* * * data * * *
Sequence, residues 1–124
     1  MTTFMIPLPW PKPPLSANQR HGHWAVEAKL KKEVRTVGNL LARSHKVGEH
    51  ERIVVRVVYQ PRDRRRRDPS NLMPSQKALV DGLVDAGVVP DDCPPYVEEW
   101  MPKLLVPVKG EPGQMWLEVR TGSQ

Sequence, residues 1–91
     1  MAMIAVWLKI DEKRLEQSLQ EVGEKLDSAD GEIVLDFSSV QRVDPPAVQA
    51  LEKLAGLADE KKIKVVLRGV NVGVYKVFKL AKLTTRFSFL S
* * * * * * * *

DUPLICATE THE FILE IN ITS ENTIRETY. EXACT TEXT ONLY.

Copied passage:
Sequence, residues 1–124
     1  MTTFMIPLPW PKPPLSANQR HGHWAVEAKL KKEVRTVGNL LARSHKVGEH
    51  ERIVVRVVYQ PRDRRRRDPS NLMPSQKALV DGLVDAGVVP DDCPPYVEEW
   101  MPKLLVPVKG EPGQMWLEVR TGSQ

Sequence, residues 1–91
     1  MAMIAVWLKI DEKRLEQSLQ EVGEKLDSAD GEIVLDFSSV QRVDPPAVQA
    51  LEKLAGLADE KKIKVVLRGV NVGVYKVFKL AKLTTRFSFL S